Harvest Monday — May 21, 2012

Oh, this was a week.  A week, I tell you.  But before we talk about this week, I will dip back in time to last week and the tragedy that I forgot to mention last Monday.

My Adirondack Blue taters rotted in the pot.  Didn’t have good drainage at the bottom and I never saw trouble until the last two or three weeks.  If I’d dumped it sooner I probably would have saved some, but as it was, the entire pot smelled like rotten potatoes and the only three sizable ones were well on their way to rotting.  There were some little ones and after I washed them they didn’t smell like rot.  I don’t know whether to trust them or not.  So right now they’re just looking pretty.

Okay, that tragedy out of the way.  Live and learn.  Next up, the murder of the Early Girl.

I am still unable to talk about it.  The dog is still alive. That’s all I’m saying on the subject.

And now–the good stuff.

I harvested basil and made pesto.  Yay!

I got another couple of tiny Supersweet 100s.

I harvested my very first costata romanesca George! (Too early, I’m pretty sure. You look and tell me. It was greener on the day it bloomed than it is now. That’s odd if you ask me.  See?)

Blooming George and his post-blooming friend, er, Kramer!

George, cut down before his time?

These two strawberries didn’t last long enough for the photo shoot so I’ll show them here:

One thing that excited me was I picked two pasilla peppers! I first read about them in a Rick Bayless recipe and went to the supermarket looking for some. They turn black when they’re dried. Didn’t find them, forgot about it. Fast forward a few months and I find a pasilla chile plant.  Yay!  I am now drying them. If you see them in the picture they look a little shriveled.  I assume this is a good thing.

And finally, the grand tally and (most of) the photo evidence.

My first week to get more than a pound of something!

1 lb.  7.3 oz. yellow squash, for the win!  (some of which got eaten before the photo shoot)

.48 oz Supersweet 100 tomatoes (mine look nothing like the monster on that page, drat it)

7.12 oz.  Adirondack blue potatoes (which may not be edible, I dunno)

1.7 oz of George (and yes, looking at that picture, I mos def picked too soon)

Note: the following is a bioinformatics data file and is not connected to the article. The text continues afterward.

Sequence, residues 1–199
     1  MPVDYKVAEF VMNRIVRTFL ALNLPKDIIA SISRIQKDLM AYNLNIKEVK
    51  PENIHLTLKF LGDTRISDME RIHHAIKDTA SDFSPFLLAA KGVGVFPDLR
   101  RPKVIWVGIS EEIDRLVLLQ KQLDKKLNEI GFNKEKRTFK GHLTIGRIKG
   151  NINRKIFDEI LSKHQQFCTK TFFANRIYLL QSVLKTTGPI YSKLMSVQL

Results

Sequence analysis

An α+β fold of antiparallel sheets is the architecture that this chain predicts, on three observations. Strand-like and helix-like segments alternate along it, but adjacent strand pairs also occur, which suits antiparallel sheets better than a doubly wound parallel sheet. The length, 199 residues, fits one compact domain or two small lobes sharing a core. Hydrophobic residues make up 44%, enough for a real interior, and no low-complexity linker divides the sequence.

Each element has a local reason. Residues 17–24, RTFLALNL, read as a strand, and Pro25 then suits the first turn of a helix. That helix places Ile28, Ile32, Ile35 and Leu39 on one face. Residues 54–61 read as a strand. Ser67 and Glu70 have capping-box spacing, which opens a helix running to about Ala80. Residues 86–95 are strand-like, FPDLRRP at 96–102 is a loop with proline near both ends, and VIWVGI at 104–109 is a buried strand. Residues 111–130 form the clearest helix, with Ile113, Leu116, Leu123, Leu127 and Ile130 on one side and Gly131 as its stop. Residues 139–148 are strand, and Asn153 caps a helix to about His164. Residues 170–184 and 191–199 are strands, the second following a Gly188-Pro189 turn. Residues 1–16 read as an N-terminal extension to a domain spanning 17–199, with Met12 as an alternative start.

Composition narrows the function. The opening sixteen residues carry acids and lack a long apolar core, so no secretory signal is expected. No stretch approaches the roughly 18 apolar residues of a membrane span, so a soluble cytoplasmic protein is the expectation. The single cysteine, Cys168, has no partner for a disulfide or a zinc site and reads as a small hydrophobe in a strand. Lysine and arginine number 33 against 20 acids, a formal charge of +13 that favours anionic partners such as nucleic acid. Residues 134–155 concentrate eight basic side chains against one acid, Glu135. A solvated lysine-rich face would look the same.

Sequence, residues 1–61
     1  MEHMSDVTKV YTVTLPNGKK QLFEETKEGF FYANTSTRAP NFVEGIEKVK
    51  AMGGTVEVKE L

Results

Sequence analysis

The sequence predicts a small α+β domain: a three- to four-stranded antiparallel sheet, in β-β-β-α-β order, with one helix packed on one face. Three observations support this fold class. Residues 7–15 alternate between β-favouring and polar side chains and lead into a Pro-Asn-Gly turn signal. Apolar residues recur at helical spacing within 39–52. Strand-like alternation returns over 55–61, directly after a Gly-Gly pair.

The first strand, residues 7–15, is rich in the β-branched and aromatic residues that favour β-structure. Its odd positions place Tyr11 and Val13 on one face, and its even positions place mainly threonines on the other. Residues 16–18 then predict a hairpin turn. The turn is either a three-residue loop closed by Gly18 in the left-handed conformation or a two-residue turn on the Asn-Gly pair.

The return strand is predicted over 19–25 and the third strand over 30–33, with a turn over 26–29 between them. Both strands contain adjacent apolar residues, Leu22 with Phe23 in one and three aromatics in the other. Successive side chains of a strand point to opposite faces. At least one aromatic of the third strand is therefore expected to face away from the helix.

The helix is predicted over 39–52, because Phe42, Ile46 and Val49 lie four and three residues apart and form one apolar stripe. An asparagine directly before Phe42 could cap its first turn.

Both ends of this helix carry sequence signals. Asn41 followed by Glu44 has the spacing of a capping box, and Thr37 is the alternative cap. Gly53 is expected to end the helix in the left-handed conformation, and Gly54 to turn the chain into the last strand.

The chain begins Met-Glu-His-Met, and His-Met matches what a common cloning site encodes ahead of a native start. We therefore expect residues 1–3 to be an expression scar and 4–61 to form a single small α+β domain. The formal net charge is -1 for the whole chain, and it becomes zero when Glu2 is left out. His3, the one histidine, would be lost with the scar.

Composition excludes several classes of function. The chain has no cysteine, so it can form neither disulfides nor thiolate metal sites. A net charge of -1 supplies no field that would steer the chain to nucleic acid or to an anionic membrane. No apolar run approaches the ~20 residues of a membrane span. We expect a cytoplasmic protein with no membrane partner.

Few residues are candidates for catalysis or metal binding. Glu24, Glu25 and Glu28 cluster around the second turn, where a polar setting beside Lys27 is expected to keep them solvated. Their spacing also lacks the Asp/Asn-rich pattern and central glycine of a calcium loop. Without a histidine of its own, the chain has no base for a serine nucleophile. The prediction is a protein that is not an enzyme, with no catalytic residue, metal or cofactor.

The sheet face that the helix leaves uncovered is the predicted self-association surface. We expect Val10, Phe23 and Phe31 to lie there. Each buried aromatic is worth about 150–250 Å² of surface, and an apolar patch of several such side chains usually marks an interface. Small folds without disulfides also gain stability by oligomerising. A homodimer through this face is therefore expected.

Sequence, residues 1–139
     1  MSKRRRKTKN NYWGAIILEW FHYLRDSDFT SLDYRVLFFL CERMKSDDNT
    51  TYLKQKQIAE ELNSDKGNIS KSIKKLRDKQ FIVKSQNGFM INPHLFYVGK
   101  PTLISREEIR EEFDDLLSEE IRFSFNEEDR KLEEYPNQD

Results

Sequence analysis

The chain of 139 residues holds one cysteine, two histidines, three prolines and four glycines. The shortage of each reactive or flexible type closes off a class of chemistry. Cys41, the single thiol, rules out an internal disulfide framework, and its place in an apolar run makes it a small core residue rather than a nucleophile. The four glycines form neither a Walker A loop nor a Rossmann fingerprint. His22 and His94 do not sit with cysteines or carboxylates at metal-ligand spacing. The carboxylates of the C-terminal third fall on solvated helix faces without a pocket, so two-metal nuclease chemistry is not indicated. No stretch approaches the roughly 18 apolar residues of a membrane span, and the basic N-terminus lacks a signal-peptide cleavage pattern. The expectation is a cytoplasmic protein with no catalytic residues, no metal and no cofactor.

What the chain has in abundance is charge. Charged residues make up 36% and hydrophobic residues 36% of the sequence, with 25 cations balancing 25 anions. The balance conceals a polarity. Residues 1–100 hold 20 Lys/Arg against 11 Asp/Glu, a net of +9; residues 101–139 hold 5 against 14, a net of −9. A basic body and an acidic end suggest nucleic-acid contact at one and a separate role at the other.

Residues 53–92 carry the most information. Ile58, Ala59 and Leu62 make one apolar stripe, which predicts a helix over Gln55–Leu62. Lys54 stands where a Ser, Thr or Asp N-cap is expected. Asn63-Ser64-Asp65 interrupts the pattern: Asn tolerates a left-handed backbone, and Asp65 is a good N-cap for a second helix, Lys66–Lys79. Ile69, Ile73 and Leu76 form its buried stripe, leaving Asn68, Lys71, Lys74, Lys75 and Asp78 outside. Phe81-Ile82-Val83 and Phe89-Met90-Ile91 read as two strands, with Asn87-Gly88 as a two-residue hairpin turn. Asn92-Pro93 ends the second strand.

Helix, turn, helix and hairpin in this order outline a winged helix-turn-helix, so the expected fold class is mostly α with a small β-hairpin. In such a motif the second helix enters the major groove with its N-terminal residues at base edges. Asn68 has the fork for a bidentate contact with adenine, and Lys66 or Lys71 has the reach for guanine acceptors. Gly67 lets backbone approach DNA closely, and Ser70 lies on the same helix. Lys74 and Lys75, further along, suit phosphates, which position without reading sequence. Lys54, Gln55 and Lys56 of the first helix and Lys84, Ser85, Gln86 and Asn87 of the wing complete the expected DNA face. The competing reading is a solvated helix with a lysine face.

.96 oz of pasilla pepper

3.14 oz of genovese basil

Now.  Either post your own pics so we can go see them, or go see the others at daphne’s.  It’s harvest Monday!






Filed under Garden, George the Costata Romanesca, Monday Harvest, Square Foot Gardening

14 responses to “Harvest Monday — May 21, 2012

  1. well that was a nice haul! I’d say if those potatoes look and feel firm then they are probably just fine. Too bad that happened tho. I felt really stupid when I moved a large tub with three potato plants from the greenhouse out onto the patio….. Direct sun on dark green plastic basically boiled them alive; total loss.

  2. There is real tragedy in your garden – some death and rot it seems! LOL!

    Sorry the potatoes spoilt and the dog had a run in with the tomato plant.

    The harvest basket of goodness is pretty amazing though and certainly must be a consolation to you for your two losses.

  3. Andrea

    Your harvest basket looks so colorful………………..Some days/weeks can be a challenge especially when dogs,plants and husbands are involved………………….

  4. denise

    you could always try to use those potatoes for seed potatoes and start all over

    • I dunno that I trust them. They would probably be okay, but I also wonder if the stress of being in rotten soil would impair them, somehow.

  5. Liz

    Great basket of colour. Your basil’s looking particularly good. Congrats on your peppers.

  6. Love the colorful basket! We’re only at the start of the season so no potatoes, tomatoes or peppers just yet.

  7. Those are such gorgeous pix! Your comment about the dog still living takes me back to my first and last venture in flower gardening. It wasn’t a tomato. It was the massacre of an entire prepared garden that ran the length of the back of the house, which I had slaved over for days removing dead bushes, tenacious vines, rocks, old fencing, and weeds. Then adding soil and newspapers and mulch before planting, and surrounding all with a pretty white fence. To keep the dog out. Which didn’t work. I never touched that garden again. Good thing Tom was home. For the dog, I mean.

    • Oh, that would destroy me! I had a dog destroy a planter box once and I just about fell apart. I can’t imagine working as hard as you did and having it all murdered!

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